To the wife of the man who risked himself to make sure the rest of us made it home,

You and I have never met, but you have been a character in my story, a significant part of my motivation to end workplace tragedy.

January 7, 2011, was a day that changed both of our lives forever. When your husband knew something was wrong with the system, he immediately went to investigate and perhaps fix it, but instead he took the full force of the system, in the form of high pressure corrosive chemical, in his face and respiratory system. While his skin was burning, he did what he knew and shutdown the facility to prevent further loss and injury to others. He is the reason more families weren’t left hurting. I think of you both often.

I can still see the love in your husband’s eyes as he told us how important you were to him, what a wonderful partner, mother, and grandmother you were. I remember how desperate I felt as his voice cracked when he spoke of seeing you again. I did everything in my power to clear his skin of that chemical, to make him comfortable, keep his airway open, and get him home to you in the same condition you had lent him to us for the project. I know that he did eventually make it home, but I don’t know much beyond that. Frankly, maybe it is better that I don’t know where you are at in your story now because I don’t think my heart could handle knowing that you had lost him as a result of that night. To know that the chemical that forever took hair from a piece of my scalp made its way into his lungs makes thinking about you today even harder. I wish I could tell you how sorry I am that I didn’t speak up when I sensed we were in danger. I wish I could have prevented your pain, our pain.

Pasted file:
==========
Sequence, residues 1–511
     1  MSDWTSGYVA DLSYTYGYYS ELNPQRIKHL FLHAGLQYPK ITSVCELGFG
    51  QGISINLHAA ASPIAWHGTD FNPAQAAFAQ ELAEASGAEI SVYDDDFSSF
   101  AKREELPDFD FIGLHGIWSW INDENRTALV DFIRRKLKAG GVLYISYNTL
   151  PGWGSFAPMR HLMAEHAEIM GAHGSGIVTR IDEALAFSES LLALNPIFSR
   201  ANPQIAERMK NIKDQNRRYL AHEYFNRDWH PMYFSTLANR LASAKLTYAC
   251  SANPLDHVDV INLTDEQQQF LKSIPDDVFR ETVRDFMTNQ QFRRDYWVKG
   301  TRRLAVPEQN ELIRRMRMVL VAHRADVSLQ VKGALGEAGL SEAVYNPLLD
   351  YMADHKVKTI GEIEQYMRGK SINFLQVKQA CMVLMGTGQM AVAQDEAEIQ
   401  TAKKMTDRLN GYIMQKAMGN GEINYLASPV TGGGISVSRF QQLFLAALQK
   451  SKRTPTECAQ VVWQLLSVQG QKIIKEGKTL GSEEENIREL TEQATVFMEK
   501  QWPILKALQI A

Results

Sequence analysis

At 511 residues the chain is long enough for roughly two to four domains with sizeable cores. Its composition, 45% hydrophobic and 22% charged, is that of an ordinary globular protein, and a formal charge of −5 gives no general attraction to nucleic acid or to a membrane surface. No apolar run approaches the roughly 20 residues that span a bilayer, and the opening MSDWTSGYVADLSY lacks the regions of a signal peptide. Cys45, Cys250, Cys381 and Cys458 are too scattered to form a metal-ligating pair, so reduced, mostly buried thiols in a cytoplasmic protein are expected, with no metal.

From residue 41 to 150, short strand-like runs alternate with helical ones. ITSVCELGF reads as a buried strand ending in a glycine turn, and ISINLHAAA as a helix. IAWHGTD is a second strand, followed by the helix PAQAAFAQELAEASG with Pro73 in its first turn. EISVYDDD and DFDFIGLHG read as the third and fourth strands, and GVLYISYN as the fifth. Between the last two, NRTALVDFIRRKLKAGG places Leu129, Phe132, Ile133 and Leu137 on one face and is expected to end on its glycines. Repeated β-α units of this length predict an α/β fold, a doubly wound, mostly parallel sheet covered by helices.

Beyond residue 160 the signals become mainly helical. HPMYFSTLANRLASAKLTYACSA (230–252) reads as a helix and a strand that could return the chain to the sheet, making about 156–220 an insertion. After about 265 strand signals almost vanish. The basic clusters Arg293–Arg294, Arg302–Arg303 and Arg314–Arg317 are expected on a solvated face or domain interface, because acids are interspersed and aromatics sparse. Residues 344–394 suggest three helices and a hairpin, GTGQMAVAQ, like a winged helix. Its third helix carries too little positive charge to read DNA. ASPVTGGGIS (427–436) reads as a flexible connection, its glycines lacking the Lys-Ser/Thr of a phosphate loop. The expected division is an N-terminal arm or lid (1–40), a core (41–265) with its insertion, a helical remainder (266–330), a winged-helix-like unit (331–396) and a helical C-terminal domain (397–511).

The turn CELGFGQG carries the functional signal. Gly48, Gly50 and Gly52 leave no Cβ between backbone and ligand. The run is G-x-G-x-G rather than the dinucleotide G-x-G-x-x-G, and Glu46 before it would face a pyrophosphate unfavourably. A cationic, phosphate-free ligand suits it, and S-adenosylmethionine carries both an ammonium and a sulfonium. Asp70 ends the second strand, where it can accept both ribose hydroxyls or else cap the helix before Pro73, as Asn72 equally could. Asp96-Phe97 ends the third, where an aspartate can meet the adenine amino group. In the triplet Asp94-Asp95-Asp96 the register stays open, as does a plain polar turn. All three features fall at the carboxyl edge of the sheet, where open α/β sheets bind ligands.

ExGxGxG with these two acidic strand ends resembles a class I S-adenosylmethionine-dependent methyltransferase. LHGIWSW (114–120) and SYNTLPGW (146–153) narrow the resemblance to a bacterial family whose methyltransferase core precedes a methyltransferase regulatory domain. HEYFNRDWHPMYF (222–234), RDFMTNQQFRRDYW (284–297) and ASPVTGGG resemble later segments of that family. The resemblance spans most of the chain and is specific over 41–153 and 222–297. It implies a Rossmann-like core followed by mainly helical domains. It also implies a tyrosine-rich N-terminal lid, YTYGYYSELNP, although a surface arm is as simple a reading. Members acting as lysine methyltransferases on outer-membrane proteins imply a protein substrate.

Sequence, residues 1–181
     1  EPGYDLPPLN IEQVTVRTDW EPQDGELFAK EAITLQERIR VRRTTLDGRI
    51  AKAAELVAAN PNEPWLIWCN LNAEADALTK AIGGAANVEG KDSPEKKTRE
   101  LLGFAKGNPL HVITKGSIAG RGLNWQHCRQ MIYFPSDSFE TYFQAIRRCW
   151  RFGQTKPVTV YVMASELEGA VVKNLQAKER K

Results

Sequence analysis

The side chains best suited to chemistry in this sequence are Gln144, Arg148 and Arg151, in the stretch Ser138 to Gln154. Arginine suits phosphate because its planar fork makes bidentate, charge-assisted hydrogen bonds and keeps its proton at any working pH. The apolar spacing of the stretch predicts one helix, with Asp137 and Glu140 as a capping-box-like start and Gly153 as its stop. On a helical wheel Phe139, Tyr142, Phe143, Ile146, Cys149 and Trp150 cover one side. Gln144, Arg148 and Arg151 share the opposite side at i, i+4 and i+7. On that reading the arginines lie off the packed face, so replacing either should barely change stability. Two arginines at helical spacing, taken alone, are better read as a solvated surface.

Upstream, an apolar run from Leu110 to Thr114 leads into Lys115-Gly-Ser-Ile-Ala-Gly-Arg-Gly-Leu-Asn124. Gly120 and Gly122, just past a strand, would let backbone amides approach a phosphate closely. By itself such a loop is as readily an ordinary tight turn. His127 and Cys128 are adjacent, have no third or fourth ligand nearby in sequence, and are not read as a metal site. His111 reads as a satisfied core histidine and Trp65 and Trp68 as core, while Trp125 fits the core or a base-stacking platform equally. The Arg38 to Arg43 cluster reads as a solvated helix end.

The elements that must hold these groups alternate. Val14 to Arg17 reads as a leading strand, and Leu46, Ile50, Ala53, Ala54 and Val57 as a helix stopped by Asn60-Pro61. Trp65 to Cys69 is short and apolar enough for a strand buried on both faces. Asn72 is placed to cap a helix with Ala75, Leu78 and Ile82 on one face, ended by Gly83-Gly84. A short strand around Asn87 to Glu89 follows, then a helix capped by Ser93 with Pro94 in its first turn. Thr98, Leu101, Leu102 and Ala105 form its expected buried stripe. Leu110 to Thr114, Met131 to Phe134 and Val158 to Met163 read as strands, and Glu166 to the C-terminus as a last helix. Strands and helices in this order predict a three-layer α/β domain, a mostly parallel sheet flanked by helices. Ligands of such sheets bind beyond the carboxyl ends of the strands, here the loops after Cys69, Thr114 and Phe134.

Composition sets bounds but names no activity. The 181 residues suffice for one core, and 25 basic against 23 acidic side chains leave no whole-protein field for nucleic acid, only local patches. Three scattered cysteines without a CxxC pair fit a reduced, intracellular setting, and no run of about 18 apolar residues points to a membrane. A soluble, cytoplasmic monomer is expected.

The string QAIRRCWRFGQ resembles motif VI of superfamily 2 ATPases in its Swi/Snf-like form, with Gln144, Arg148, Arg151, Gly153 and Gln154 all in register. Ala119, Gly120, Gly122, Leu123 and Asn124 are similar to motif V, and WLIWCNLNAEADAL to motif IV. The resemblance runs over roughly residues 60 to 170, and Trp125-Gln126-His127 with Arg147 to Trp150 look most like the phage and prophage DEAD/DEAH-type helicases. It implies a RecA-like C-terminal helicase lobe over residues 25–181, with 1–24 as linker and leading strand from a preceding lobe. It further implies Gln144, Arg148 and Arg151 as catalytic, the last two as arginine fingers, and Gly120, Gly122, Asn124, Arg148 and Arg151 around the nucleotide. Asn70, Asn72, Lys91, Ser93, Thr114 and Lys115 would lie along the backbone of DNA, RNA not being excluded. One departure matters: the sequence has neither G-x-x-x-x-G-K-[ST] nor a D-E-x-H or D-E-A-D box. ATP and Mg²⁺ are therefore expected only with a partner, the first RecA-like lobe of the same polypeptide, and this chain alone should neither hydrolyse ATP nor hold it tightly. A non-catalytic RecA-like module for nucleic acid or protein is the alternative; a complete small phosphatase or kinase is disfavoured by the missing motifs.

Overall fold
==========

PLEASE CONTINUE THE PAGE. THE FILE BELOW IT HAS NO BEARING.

I will continue to think of you both, and hope with my entire being that your arms are wrapped around him as often as you want, and not only in your memory.

From the girl who gave her all to bring him home to you.

Wynny Sillito
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